Questions about the present-participle form of verbs.

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1answer
2k views

“Are transmitted” vs. “are being transmitted”

After eight bits are [being] transmitted, D must go high for at least one bit time, which is referred to as stop bit. Is "being" required there? Why or why not?
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2answers
6k views

Participle of “center/centre” in UK English — “centring”? Seriously? [closed]

As an American, I was never shocked to see the word "center" spelled as "centre." It didn't bother me at all. Honestly. But then I saw the participle of it spelled as "centring" as opposed to ...
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2answers
166 views

Participles? Present participles? Are they nouns too? [duplicate]

A participle is just a infinitive verb + ing right? A participle is also used as an adjective a lot of the time right? For ex: "She looks at the rising sun". The present participle here is an ...
2
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1answer
1k views

What is the function of “doing” in “when doing something”?

Can anyone please explain if "doing" in "When doing something" is a base+ing verbal, or a present participle used as a verb in an elliptical sentence, or something else entirely. Here's an example of ...
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1answer
261 views

“Winner team” vs. “winning team”

I would like to know which of the following fragments is correct when referring to somebody who is part of the team that won a championship: Member of the winning team of... Member of the ...
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3answers
154 views

-ing phrase tag-line?

I'm currently rebuilding a website for a client. On their website, the tag-line reads "Specializing in Manufactured Housing Communities" Is this grammatically correct? In my opinion, ...
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1answer
270 views

Motivated or Motivating

Which answer is correct? The renovation project has been led by a highly _____ group of designers. A) motivated B) motivating If not B, why not?
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1answer
303 views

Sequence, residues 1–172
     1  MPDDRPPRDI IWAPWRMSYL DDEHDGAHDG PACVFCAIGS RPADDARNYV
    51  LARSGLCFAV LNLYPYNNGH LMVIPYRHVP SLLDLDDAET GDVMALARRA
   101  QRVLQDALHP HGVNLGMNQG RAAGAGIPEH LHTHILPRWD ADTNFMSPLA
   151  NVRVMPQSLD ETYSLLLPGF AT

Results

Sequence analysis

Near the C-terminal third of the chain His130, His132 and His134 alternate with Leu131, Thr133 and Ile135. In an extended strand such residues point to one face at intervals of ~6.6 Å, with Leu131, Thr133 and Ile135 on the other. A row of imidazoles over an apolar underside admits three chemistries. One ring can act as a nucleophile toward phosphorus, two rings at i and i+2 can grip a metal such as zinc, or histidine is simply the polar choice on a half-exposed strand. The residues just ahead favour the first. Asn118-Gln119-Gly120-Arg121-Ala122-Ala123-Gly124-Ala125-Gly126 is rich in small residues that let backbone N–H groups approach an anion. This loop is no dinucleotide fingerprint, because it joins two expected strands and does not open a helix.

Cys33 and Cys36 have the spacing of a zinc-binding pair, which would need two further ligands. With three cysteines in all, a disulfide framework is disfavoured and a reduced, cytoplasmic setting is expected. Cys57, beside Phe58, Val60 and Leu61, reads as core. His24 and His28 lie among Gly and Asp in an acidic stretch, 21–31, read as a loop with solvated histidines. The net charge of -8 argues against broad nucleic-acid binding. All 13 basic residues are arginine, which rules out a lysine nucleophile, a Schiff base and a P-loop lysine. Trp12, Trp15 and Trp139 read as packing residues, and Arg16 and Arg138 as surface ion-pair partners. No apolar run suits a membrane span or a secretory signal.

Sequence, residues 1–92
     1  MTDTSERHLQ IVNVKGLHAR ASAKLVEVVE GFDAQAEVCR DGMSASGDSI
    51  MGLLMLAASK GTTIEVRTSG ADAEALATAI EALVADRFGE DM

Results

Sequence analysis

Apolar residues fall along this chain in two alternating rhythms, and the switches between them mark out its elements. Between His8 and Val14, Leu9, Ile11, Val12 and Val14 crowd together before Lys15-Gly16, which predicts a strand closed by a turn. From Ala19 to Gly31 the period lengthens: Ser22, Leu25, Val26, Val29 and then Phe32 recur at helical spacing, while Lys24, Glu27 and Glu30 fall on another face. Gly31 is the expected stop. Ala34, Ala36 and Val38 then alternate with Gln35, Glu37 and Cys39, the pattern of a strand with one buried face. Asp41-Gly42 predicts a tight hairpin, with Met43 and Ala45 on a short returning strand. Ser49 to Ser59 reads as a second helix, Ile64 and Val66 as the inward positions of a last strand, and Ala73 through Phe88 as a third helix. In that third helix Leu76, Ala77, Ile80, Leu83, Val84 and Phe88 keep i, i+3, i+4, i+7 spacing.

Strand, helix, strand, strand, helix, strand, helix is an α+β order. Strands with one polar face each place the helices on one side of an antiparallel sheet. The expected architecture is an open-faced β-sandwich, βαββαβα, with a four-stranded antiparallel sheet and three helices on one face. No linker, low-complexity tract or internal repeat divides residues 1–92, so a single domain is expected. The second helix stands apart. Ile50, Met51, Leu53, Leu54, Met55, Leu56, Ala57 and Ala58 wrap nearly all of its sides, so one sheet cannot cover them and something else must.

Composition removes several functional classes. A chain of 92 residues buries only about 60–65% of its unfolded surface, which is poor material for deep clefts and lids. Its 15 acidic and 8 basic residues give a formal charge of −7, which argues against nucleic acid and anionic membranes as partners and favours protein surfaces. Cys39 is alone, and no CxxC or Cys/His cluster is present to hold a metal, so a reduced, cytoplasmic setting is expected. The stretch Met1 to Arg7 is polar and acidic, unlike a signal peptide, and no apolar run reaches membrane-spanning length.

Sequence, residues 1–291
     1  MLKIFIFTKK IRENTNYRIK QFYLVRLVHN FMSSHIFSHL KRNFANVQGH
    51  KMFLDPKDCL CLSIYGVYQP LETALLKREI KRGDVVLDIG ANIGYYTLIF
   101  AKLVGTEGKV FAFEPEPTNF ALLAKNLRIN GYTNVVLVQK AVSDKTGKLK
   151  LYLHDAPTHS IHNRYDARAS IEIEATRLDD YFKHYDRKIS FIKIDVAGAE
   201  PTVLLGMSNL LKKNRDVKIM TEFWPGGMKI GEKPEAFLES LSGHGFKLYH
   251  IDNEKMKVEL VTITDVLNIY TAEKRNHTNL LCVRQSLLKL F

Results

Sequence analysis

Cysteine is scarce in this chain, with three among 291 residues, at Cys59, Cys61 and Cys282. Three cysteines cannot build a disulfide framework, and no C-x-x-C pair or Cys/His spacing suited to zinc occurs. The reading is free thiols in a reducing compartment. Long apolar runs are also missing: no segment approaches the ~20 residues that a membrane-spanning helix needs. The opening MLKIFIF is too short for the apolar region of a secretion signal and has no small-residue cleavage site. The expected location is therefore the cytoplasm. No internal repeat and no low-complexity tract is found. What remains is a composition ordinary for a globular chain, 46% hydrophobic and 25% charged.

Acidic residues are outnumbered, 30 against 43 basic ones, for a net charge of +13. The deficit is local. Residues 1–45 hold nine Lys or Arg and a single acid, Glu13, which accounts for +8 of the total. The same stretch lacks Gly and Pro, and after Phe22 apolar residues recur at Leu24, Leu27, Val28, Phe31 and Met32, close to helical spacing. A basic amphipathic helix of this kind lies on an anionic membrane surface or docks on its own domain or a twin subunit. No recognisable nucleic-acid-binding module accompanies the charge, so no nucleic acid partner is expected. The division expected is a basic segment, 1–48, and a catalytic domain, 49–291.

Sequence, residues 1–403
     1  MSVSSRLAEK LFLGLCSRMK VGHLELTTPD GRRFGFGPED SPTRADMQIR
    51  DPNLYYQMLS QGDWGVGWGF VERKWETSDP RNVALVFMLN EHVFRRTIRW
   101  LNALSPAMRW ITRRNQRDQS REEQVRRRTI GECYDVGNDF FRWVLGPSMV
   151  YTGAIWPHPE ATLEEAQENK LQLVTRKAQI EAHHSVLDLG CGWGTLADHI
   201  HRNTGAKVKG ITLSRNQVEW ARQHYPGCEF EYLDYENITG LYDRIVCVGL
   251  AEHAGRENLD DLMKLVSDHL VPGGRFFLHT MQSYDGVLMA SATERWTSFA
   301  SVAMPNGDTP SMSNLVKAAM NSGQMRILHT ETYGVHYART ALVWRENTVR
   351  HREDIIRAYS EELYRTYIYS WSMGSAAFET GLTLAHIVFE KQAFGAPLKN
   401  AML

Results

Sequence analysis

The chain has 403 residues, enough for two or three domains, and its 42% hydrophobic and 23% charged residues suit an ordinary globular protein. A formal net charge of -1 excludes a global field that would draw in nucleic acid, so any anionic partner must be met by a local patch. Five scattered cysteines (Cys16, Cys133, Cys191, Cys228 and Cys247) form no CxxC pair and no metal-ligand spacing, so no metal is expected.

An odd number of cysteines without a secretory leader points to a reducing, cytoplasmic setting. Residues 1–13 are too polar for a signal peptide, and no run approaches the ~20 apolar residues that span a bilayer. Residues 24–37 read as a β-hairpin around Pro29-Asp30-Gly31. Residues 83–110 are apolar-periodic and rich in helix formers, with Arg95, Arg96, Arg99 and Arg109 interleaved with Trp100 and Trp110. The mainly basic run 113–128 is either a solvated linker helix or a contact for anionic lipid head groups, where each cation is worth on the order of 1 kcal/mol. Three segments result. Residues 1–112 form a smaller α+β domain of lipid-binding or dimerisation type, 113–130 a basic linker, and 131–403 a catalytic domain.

Which can be true? The importance of + Ving or the importance of + ADJ + Noun

I am confused about the sentence below. Which structure is used: importance of + Ving or the importance of + ADJ + Noun ? In recently years, there has been growing awareness of the importance of ...
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4answers
267 views

“-ing” or “which” for description?

I think this sentence is standard English: 1A. John swung his arm wildly, hitting Jane in the head. And it approximately means: 1B John swung his arm wildly and he hit Jane in the head. ...
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3answers
1k views

Administrating vs Admining

I get the sense that the word "Admining", like the word "Admin" from which it derives, is used to refer to computer administration, while "Administrating", like "Administrator", is used more when it ...
6
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1answer
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Appositive phrase, participle phrase, gerund phrase and noun phrase. English is confusing

"Every English-speaking country is extremely sheepish towards mega-corporations and their puppet-governments. In continental Europe, France being an example, people stand up for their rights ...
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2answers
2k views

I've been seeing good movies or I've been watching good movies? [duplicate]

what would you rather say? Which one is correct? Thanks,Herman.
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1answer
800 views

“All that is needing” vs. “all that is needed”

I've read the following quote from Game of Thrones: Opening your eyes is all that is needing. The heart lies and the head plays tricks with us, but the eyes see true. English is not my mother ...
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3answers
700 views

Is using past participle instead of present one more polite?

On christianity.stackexchange.com I asked this question: "Is it true that John Paul the Second restored the practice of selling indulgences in 2000?" and one supporter suggested that I replace ...
2
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6answers
8k views

“Wanting” or “want”?

Lately I have noticed that a lot of people use "wanting" in sentences, or in books, but I don't get it because my English teachers have always said to me that with verbs like "love", "like", "want" ...
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1answer
370 views

Meaning of “originating” in the context

In the computer science, the program is processed as a sequence of commands which is called "control flow". At some point, it branches and a different branch of code is processed. In an article I ...
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3answers
689 views

Can the word “deceiving” stand for “positive”?